Apple criticized over iTunes LP development costsCritics are lambasting Apple over its new iTunes LP format, charging that the company has priced indies out of the game by charging a production fee of $10,000 to develop the interactive titles. Content authors are likely to view the fees as absurdly low, however.
A report by Gizmodo cited Brian McKinney of Chocolate Lab Records, a small label representing three albums and an EP from four artists. McKinney said he expressed interest in creating iTunes LP versions of his acts' work, but was shot down by an iTunes representative discussing the subject with his distributor at the Independent Online Distribution Alliance.
IODA is a group in San Francisco which helps indie acts get distributed through online sites including iTunes and Amazon as well as through mobile carrier stores such as operated by Sprint, Nokia, and Verizon. The iTunes rep reportedly said that Apple was charging a $10,000 production fee to develop the new interactive digital album titles, that there were only a dozen iTunes LP works being offered right now, and that the company wasn't even offering the treatment to the broader indie market.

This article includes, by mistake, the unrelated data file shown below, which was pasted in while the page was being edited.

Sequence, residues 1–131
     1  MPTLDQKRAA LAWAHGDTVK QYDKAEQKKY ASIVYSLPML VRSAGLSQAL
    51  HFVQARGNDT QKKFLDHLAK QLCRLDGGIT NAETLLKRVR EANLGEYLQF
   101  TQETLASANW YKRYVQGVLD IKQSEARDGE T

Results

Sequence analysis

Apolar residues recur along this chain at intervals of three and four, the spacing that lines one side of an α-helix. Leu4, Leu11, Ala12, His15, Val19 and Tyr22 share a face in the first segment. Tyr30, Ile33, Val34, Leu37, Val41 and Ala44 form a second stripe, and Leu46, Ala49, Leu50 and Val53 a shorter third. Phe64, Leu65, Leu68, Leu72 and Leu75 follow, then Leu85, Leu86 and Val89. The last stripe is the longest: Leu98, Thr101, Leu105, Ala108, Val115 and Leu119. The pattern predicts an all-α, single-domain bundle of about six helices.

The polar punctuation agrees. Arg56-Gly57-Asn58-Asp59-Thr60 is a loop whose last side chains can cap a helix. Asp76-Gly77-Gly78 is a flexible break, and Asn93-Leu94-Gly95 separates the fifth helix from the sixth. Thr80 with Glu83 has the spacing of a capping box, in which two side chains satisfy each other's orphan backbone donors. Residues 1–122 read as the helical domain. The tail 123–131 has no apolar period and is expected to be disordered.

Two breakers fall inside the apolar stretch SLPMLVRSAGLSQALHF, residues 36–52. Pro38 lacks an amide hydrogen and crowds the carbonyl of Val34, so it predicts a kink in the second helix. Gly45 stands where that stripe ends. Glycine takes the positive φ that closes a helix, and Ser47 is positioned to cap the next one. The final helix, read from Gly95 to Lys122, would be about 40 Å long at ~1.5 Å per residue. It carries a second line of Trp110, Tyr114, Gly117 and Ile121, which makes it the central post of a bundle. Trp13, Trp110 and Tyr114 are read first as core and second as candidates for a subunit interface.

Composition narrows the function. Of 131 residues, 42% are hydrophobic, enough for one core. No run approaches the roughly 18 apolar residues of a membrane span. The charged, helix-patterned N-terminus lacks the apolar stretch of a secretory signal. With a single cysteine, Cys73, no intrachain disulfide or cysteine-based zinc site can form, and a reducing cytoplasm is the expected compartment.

Gizmodo described the development costs as "ridiculous, prohibitive fees" and charged that Apple was catering only to the acts "that iTunes needs to keep happy to be a viable music store, not the ones that might actually make something artistically interesting."
There's an app for that
At the same time however, Apple already has a platform that it has opened wide to indie labels of all stripes: the iPhone App Store. Any artist can build a custom app delivering whatever artistically interesting content they can imagine into existence, and can even set a small price for it in order to cover their expenses, or perhaps even turn a profit.
If they lack the skills and resources to develop or commission an iPhone app in order to reach the installed base of Apple's 50 million mobile users, there's always the web. Anyone with a book on HTML and Apple's free iPhone development guidelines can build their own mobile-savvy website targeting Apple's vast and growing base of web-enabled iPod and iPhone users, and promote their site via MySpace or FaceBook without Apple's involvement at all.